United Flew a Plane That Wasn’t Airworthy 23 Times, FAA Says

United Flew a Plane That Wasn’t Airworthy 23 Times, FAA Says

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Image © Timothy Fadek-Bloomberg/Getty Images

Fortune

United Airlines operated a plane that was "not in airworthy condition" during 23 domestic and international flights, the Federal Aviation Administration said.

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Portland Mayor Demands Feds Bar Conservative Group From Speaking

Portland Mayor Demands Feds Bar Conservative Group From Speaking

by jonathanturley

JONATHAN TURLEY / 2017-05-31 00:19

U.S. Department of Labor Secretary Thomas E. PerezTed Wheeler, mayor of Portland, Oregon, has joined a growing list of liberals curtailing free speech and seeking exceptions for speech that they deem to be hateful or offensive. We saw recently Howard Dean espousing the false premise that there is a hate speech exception to the First Amendment. We also saw politicians in California seeking to curtail anything that they deem to be “fake news.” Now Wheeler is espousing the same anti-speech nonsense in seeking to ban a conservative demonstration by a group called Patriot Prayer.

I have no idea what the Patriot Prayer group is but I truly do not care. It is a citizen group seeking to hold a public event.

Wheeler wants the event canceled due to the double murder committed by white supremacist Jeremy Christian. He asked the federal government to revoke the permit of the group based on what he said was the expected hateful content of their speech. In doing so, Wheeler combines an unconstitutional denial of speech based on content with an unconstitutional act of prior restraint……..

Supreme Court strikes down Federal Circuit again, limits Lexmark patent rights

Supreme Court strikes down Federal Circuit again, limits Lexmark patent rights

by Joe Mullin

Ars Technica / 2017-05-30 21:34

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Enlarge / Lexmark printer cartridges in a Staple’s store in New York. (credit: Photo by Daniel Acker/Bloomberg via Getty Images)

The US Supreme Court voted 7-1 to place more limits on the rights of patent-holders, striking down a decision by the nation’s top patent court for the second time in two weeks.

In Impression Products v. Lexmark International, the justices’ opinion (PDF) made crystal clear that once a patented item has been sold once, the patent is "exhausted" and can no longer be enforced. That’s true even if the sale happened abroad and the item was later imported. Lexmark had two different strategies for trying to control how its cartridges get re-used; the high court struck down both of them and paid scant regard to various industry briefs pleading to maintain the pricing structures used by Lexmark and others to maintain profits.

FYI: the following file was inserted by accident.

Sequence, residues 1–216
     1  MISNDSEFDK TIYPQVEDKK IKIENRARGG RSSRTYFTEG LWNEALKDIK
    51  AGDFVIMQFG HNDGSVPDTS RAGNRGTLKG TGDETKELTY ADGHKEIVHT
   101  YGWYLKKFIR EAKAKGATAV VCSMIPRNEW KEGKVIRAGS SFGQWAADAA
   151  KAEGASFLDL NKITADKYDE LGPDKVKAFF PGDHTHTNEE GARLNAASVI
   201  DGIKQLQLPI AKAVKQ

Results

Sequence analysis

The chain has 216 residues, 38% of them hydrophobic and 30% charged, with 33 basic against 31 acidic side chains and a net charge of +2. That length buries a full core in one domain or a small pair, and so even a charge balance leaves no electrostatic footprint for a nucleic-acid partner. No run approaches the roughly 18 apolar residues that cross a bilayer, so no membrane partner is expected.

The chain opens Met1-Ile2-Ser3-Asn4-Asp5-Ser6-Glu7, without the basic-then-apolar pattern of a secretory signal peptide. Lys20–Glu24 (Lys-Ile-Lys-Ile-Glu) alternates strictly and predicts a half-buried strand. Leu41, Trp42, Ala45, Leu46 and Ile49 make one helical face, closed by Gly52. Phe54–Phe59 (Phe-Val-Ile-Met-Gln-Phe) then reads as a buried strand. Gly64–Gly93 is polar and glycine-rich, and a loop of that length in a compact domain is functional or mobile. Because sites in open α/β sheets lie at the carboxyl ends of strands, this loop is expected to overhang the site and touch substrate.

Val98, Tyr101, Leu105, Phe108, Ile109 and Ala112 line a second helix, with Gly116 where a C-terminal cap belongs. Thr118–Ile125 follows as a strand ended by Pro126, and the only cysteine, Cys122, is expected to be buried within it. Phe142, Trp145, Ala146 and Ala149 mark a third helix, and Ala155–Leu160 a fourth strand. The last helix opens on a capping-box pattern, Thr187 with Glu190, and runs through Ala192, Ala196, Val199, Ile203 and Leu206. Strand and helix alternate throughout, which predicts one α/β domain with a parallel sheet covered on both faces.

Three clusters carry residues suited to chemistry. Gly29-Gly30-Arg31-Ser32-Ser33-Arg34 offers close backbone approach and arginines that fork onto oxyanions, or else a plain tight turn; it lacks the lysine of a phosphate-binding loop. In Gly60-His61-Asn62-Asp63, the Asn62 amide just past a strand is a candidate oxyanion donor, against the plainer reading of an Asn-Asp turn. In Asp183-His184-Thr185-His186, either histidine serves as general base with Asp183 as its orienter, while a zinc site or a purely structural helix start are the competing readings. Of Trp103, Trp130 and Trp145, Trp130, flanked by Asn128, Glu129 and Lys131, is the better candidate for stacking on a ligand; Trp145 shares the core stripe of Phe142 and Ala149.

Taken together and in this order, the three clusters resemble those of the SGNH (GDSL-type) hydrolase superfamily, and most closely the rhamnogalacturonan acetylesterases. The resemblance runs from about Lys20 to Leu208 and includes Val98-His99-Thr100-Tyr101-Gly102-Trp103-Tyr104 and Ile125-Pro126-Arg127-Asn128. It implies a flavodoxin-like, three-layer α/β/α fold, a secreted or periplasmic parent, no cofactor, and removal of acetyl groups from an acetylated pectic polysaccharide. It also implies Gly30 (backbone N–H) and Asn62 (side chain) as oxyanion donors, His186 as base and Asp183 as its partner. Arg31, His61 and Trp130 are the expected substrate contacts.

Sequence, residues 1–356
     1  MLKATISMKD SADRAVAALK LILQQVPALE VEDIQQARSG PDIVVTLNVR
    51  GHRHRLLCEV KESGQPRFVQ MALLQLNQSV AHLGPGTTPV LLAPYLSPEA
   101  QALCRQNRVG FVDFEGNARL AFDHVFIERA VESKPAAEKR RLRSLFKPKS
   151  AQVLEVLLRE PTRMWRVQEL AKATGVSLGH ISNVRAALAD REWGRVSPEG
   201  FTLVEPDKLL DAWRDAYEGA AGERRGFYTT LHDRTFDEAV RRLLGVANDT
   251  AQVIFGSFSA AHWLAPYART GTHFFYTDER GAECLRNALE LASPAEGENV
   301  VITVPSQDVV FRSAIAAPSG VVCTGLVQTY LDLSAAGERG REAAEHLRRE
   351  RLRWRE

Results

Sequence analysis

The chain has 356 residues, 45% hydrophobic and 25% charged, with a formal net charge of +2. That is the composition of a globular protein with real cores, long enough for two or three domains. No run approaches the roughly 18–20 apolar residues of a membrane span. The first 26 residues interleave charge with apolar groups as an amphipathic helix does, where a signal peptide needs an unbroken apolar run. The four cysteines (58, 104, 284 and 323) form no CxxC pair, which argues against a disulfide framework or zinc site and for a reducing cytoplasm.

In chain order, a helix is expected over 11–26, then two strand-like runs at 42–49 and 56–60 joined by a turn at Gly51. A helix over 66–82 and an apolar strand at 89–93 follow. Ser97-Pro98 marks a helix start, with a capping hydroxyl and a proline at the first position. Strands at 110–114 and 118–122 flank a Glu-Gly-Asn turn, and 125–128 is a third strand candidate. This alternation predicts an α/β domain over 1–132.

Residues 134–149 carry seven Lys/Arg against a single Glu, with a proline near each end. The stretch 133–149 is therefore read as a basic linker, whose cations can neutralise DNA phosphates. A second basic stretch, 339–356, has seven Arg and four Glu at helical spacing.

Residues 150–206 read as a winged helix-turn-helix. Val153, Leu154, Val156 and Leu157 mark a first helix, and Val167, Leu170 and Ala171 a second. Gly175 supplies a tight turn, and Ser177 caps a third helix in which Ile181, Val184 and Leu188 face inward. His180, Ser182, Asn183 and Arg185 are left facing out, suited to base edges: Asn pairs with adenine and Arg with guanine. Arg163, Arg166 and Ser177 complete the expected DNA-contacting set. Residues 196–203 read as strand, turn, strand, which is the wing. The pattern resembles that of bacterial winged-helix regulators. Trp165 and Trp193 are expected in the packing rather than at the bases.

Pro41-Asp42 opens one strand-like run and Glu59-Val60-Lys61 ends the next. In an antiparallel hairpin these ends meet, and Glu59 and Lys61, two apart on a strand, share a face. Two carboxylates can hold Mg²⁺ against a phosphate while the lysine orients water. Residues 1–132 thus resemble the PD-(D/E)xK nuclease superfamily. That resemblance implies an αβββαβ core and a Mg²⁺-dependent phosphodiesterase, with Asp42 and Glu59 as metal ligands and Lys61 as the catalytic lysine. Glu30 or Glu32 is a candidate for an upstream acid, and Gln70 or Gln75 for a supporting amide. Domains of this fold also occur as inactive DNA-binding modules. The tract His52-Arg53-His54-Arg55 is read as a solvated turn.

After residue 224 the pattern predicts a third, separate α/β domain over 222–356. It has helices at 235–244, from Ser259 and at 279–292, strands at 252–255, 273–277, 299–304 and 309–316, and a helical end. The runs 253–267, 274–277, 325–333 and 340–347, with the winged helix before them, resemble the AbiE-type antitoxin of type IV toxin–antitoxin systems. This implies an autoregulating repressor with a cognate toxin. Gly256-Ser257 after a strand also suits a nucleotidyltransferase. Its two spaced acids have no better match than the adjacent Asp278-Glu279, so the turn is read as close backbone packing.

Lexmark had been trying to use patent laws to impose restrictions on companies like Impression Products, which are known as "remanufacturers." These companies acquire Lexmark cartridges, then re-fill and re-sell them. A strong 10-2 majority of judges on the US Court of Appeals for the Federal Circuit, which hears all patent appeals, took Lexmark’s side and found that the patent-related restrictions were justified.

Read 13 remaining paragraphs | Comments


This is a very pro-consumer decision and I’m pleasantly surprised that it was 7-1.

Judge Smacks NYPD For Its ‘Gotcha’ Tactics In Forfeiture Public Records Lawsuit

Judge Smacks NYPD For Its ‘Gotcha’ Tactics In Forfeiture Public Records Lawsuit

by Tim Cushing

Techdirt. / 2017-05-30 21:14

New York’s court system is finally pushing back against the NYPD’s refusal to provide better accounting of its forfeiture programs. Late last year, the NYPD informed people requesting information on seizures it had no way of compiling this data for them. Its $12 million software — meant to provide "cradle-to-grave" tracking of seized property — apparently couldn’t handle routine inquiries about seizure totals.

When the NYPD did decide to talk about its forfeiture operations, it used incomplete and misleading numbers. It claimed to have forfeited only around $12,000 in 2015, something miles away from the $69 million estimate of seized cash-on-hand others had cobbled together using info the NYPD had managed to turn over. According to numbers the NYPD said its software couldn’t compile, the department had generated $6 million in revenue in 2015 alone.

The Bronx Defenders, a group of public defenders, has been trying for nearly four years to force the NYPD to turn over documents related to its forfeiture programs. The NYPD has a few of these, including an unofficial program that turns personal belongings into "evidence" upon arrest and forces those with dismissed charges or acquittals to jump through a number of time-consuming and expensive hoops to reclaim their belongings — which include things like cellphones, cash, credit cards, and prescription medication.